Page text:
Tuesday, November 21, 2006

Think I'll miss this one this year

Buying a house really changes your financial status in a hurry. Suddenly that huge stockpile of cash that I used to have - what I used to refer to as "my life savings" - has been converted into a down payment (20%, to avoid PMI), closing costs, various taxes and fees, with the remainder consigned to a fund to cover incidental espenses like, say, rewiring the entire house so it doesn't burn down the first time I try to make toast.

Christmas will be lean and mean this year, I'm afraid. But there will be one. That's not what I'm planning on skipping.

For the past few years it's become a semi-tradition for my friends and me to get up in the wee hours of Black Friday, the day after Thanksgiving, and head out to the Wyoming Valley Mall to get in line with all the other bargain-hunting idiots. At best we're there for one or two items each: a rocking horse, a video game, a piece of temporarily discounted fine jewelry, some pillows. Nothing outrageous, nothing special. Before long we break for breakfast. By noon we're wiped out and ready to head home.

Paradigm shifts sometimes take place when someone decides to do something in a novel way - the Fosbury Flop, which allowed higher and higher records in the high jump, is often cited as an example. Before Fosbury, nobody thought to do this particular maneuver. After Fosbury showed how it was done, it was quickly adopted and became the standard. A paradigm shifted, and high jumping was never the same.

Last week two men approached a line of 15 to 20 people who were lined up outside of a Wal-Mart in Connecticut, eagerly awaiting the release of the Playstation 3. Outnumbered ten-to-one but armed with a handgun and a shotgun, the pair robbed the line of would-be shoppers and shot the one person who resisted.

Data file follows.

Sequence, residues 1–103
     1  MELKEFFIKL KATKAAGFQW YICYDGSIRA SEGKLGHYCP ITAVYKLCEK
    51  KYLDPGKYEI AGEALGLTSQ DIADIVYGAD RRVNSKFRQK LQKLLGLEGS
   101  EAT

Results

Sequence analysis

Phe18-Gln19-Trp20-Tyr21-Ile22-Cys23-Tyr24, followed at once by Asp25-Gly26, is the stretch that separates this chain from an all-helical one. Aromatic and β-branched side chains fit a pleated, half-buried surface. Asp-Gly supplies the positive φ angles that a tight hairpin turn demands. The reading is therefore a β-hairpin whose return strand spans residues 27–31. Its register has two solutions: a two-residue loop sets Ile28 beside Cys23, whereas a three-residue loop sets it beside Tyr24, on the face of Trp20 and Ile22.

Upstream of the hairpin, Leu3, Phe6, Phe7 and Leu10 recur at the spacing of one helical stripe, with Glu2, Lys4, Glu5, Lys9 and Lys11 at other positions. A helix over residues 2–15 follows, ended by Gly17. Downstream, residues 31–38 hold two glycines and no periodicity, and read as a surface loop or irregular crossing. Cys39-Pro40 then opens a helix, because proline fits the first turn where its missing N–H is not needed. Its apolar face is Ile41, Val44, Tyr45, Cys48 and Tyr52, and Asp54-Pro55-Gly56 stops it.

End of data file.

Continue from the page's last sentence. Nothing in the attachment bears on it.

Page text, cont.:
On the morning of Black Friday there will be lines of people in many major shopping centers throughout the United States, pockets full of cash and credit cards and heads full of visions of bargains. How many others will look at these lines as easy targets, lines of babies just waiting to have their candy taken from them? Will anyone else try it, or will the Connecticut robbery be an aberration? Has there been a paradigm shift when it comes to Black Friday?

Maybe. Maybe not. Either way, I'm going to stay at my new house and do some work on it that day. No Black Friday for me this year!


Gort said...

Stay home, eat leftovers and watch too much college football.

Ashley said...

When I worked at KB Toy store, we actually had two women get into a fist fight over who should be first in line.
One had been waiting outside the mall for three hours and the other ran faster and passed everyone when the mall doors were open.

Plus it was a huge day for shop lifters. There was a line that weaved through the store and the employees were running like crazy. It was pretty easy to take whatever you wanted.
And mall security wasn't much help. One of them got maced and beat with a purse when they tried to stop a shop lifter on Black Friday.

Have a Happy Thanksgiving!

Anonymous said...

I think it's been over thirty years since I went anywhere near a retail establishment on the day after Thanksgiving, and nothing either of you has said invites me to change that. Whether I can afford it or not is irrelevant; I refuse to put up with it.

Happy Thanksgiving to you too!